He drove off to Sydney, and our doggy Cino and I drove to the beach for a walk. I thought a lot.    We are old – not THAT old, but old - let’s face it, even though our hearts and spirits are young.  In the journey of our lives, we are nearing our destination.  So.  Why do we continue to do things that separate us when we are at our happiest together?  Why do we concern ourselves with what people may think when we decline invitations? Why would we choose to spend a SINGLE moment away from each other?  We don’t say yes to many things, because simply, we just want to be together.  Us two here, in our beautiful home on The River.   With our Cino.  Oh, our Cino, we love you so much!   The birds, and the riot of sunrises and sunsets. Me cooking meals I know will delight him, and he washing up endless sinks full of dirty dishes. Him filling our glasses with a wine he discovered, our morning meditations, our delight in each other’s bodies – and minds - and our conversations, our few but fierce arguments now quickly resolved, which was not always the case.  The movies he selects for us every evening and presents to me with a flourish as if he had personally pdirected them.  The love of our home, the beauty of where we live, our shared childhood in Africa, his 40 years with IBM, our coaching, our shared passion and the source of many discussions, and our peculair and enduring sense of humour.  All that we shared for twenty years with World Youth International, and the heartbreak at The End – (but that is another story) and our travel all over the world, our many adventures. How we know each other, and how passionately we pursue the things we love, ‘jamming’ as he likes to say, every single thing into our lives that we can.  How our phone rings every day with someone seeking solace or advice, and the joy we get in contributing just that.  The ease and familiarity of being with another human being who knows everything about you and loves you all the same.

How together we inspire others with our love and how we honour couples and relationships and children and family.  And still, at this age, the pleasure I still feel when he gazes at me and still sees my body as I once was, and tells me I am beautiful.   Our beach walks with Cino every day, and finally getting him to yoga after 43 years of asking and how he to yoga four years ago, and how he immediately loved it.  Our conversations filled with pride about our son and who he is and what he does, and our dreams for him, wondering what his dreams are, wondering if he will marry, have children, and a favourite, will we be grandparents?    Our fervent wish every day that our son was close, and that we knew him more, that we shared more intimately in each other’s lives.  The conversations that only he and I can have with each other.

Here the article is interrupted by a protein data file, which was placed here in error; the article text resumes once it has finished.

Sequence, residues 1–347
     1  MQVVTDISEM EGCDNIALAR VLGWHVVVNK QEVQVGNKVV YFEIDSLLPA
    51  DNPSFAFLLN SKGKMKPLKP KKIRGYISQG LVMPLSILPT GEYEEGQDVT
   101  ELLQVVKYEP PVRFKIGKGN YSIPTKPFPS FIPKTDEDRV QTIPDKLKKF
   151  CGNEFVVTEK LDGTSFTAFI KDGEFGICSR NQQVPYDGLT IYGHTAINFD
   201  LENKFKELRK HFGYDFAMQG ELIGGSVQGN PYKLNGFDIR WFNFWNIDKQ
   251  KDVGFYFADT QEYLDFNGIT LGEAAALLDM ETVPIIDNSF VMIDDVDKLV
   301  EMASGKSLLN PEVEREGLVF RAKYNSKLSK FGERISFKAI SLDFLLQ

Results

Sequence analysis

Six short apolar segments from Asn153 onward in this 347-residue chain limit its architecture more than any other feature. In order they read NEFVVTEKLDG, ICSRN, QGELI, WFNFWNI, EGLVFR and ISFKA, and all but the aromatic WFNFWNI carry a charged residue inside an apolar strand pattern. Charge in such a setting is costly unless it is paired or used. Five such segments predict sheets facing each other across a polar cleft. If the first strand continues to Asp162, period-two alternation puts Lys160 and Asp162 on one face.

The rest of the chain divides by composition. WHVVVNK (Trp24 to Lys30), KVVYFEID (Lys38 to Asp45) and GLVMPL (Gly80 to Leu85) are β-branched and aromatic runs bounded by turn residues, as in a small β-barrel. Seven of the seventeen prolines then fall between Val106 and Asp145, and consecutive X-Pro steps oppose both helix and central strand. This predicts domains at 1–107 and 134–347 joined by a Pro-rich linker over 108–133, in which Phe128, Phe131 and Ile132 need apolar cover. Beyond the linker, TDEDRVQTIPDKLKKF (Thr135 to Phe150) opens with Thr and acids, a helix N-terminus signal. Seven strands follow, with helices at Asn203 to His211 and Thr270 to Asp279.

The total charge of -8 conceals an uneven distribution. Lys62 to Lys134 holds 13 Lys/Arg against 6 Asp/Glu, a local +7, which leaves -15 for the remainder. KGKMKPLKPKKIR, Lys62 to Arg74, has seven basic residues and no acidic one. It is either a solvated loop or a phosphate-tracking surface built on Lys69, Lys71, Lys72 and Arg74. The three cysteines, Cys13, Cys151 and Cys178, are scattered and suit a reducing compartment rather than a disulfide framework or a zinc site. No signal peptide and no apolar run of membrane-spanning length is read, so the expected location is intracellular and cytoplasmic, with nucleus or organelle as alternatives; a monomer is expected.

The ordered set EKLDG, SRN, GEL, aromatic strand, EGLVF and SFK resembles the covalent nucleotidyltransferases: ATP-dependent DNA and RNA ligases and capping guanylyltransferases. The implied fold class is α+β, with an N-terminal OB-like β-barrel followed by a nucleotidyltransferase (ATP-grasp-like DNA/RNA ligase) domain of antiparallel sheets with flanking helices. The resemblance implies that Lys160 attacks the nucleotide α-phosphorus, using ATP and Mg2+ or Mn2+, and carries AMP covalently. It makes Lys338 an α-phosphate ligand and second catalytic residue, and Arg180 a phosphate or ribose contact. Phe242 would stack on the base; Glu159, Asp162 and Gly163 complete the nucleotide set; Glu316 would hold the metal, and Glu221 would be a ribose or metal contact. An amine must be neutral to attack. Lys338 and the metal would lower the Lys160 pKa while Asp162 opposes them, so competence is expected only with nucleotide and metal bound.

His solid presence and comfort and love and patience with me always, but most especially seven years ago when I lost both my parents within six months.  The safety and reassurance of his love and the strength of his arms, his mind and heart, his gentle rocking and stroking of my hair when my grief threatened to spiral me into a kind of madness that was only steps away.

I am fearful that something awful will separate us, and I know it is inevitable one day.   I want to soak up every second, I do not want to miss a moment, I want to hold on to every conversation and heartbeat and touch, I want to hear his voice and hear him snore, I want to see him tucking into my food with relish, I want to smell his special smell and see his eyes light up when they see me.  

I feel selfish in asking, as we have had so much joy in our lives, but I ask God and the Universe to grant us many more years of loving, he and me and Cino.



I did not want you to go today, Gerald,   There is a wound in my heart when you are in pain.  There is a wound in my heart when we are apart.  You are My Rock, My Beloved, I want you home here with me.    So I will count the hours till you return on Thursday.

I want to tell you that if you should die before me, I will follow you shortly, as my mother followed my father.

I have had a Truly Glorious Life, and you made it possible.  I am so grateful.

I love you Gerald Groom xxx

Sunday May 14th, 2016.